Martin Luther (1483-1546AD)

Martin Luther

(After Lucas Cranach the Elder, in 1525AD)

German Protestant Reformer

Luther burns papal bull, 1520AD

Martin Luther burns Pope's Bull of Excommunication at 9.00 a.m., 10th December, 1520AD at Wittenberg.

“The burning of the Pope’s Bull of Excommunication was the boldest and most eventful act of Luther. Viewed in itself, it might indeed have been only an act of fanaticism and folly, and proved a brutal thunderbolt. But it was preceded and followed by heroic acts of faith in pulling down an old church, and building up a new one. It defied the greatest power on earth, before which emperors, kings, and princes, and all the nations of Europe bowed in reverence and awe. It was the fiery signal of absolute and final separation from Rome, and destroyed the effect of future papal bulls upon one-half of Western Christendom. It emancipated Luther and the entire Protestant world from that authority, which . . . had become a fearful and intolerable tyranny over the intellect and conscience of men.”

[from Philip Schaff D.D., "History of the Reformation" from his "History of the Christian Church" 1888 edition.]

Martin Luther

From a portrait by Lucas Cranach the Elder, and engraved by Holl)

 

Luther’s Autobiographical fragment. (25k)

 

LIFE OF LUTHER (4.8mb) by Julius Kostlin. First published 1883AD and translated from the German. (1905AD edition.)

 


 

Matin Luther

Martin Luther at Worms in 1521AD.

 Chancellor of Treves: "Will you, or will you not, retract?" Luther: ". . .I cannot submit my faith either to the pope or to the councils, because it is clear as the day that they have frequently erred and contradicted each other. Unless therefore I am convinced by the testimony of Scripture, or by the clearest reasoning, unless I am persuaded by means of the passages I have quoted, and unless they thus render my conscience bound by the Word of God, I cannot and I will not retract, for it is unsafe for a Christian to speak against his conscience. Here I stand, I can do no other: may God help me! Amen."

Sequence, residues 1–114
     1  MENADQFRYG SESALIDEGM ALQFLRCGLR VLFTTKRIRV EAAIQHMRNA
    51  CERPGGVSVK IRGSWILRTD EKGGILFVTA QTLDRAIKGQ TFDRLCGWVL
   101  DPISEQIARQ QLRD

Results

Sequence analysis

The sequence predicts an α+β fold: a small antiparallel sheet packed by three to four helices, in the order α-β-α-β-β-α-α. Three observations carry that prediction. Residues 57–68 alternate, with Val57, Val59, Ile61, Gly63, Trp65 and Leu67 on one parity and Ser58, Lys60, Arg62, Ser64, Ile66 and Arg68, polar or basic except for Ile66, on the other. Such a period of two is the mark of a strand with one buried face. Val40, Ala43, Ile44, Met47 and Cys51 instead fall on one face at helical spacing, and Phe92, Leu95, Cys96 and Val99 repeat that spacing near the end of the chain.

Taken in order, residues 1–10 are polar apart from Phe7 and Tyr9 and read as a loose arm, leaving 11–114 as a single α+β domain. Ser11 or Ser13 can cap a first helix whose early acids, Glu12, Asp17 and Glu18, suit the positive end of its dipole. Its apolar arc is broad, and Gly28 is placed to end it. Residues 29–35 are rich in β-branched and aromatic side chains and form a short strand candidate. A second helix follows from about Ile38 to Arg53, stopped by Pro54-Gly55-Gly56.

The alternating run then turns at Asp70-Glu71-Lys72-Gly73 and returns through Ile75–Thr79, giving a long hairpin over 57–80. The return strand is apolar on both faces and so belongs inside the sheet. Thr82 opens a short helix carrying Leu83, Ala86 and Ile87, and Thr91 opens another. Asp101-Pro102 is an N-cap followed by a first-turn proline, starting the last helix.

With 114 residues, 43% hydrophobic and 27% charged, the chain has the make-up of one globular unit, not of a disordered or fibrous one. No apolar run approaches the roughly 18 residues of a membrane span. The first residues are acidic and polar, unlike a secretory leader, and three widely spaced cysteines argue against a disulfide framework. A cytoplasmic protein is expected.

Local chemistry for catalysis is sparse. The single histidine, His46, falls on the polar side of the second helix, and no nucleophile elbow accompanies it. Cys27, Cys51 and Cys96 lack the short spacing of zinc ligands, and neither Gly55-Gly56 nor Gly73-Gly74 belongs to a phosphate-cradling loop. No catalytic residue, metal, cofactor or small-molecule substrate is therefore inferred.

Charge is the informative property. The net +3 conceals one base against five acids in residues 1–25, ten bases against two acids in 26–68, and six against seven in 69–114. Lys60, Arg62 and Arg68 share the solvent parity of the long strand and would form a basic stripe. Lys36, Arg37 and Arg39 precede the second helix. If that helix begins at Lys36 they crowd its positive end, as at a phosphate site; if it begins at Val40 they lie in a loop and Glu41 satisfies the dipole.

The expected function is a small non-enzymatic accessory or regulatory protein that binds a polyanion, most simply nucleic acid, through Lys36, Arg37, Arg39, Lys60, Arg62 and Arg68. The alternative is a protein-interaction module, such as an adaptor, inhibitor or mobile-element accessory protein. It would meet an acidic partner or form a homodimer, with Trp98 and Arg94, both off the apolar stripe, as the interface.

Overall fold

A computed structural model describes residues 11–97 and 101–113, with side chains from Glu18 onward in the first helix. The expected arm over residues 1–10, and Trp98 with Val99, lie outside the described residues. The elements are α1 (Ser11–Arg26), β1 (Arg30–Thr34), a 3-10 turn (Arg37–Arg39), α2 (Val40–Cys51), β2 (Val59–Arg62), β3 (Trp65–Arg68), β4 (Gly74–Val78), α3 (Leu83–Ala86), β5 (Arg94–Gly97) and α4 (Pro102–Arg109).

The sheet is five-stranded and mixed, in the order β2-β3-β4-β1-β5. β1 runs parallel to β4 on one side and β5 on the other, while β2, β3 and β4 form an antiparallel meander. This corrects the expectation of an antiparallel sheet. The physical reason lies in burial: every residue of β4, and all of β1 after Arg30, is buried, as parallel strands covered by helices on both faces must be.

1. The Ninety-Five Theses (48k) by Martin Luther (1888 Schaff edition). zip (14k)

2. Address to the Nobility. (182k) by Martin Luther (1883 edition) pdf (281k) zip (66k)

3. On Christian Liberty. (107k) by Martin Luther (1883 edition). zip (39k)

4. Luther at Worms (358k) by J. H. Merle d'Aubigne D.D. (1835 edition) pdf (432k) docx (122k) zip (173k)

5. On the Word of God. (77k) by Martin Luther (1857 edition).zip (24k)

6. The Papal Bull Decet Romanum (19k) against Luther. (1521).

7. Article on Luther. (38k) by Rev. James Gardner from “Christian Cyclopaedia”,1858ad. zip (13k)

8. Luther's Shorter Catechism (47k) (with Luther's preface) (1529) zip (15k)

9. Luther's Autobiographical fragment. (25k) (1545) zip (11k)

10. The Youth, Conversion, and Early Labours of Luther. (264k) J. H. Merle d'Aubigne D.D. (1835 edition). zip (87k)

11. Protestantism in Germany to the Leipsic Disputation, 1519AD (534k) by Rev. James Wylie (1878AD) zip (104k)

12. Times of Erasmus and Luther. Lecture 1 (79k) by J. A. Froude M.A.(1867) zip (27k)

13. Times of Erasmus and Luther. Lecture 2 (83k) by J. A. Froude M.A.(1867) zip (28k)

14. Times of Erasmus and Luther. Lecture 3 (75k) by J. A. Froude M.A.(1867) zip (28k)

15. Luther's Training for the Reformation A.D. 1483-1517. (195k) by Philip Schaff, (1887AD) pdf (214k) zip (45k)

16. Luther's 95 Theses & Protestation. (124k) from "The First Principles of the Reformation" (1885AD) pdf (82k) docx (37k) zip (24k)

 

 


 

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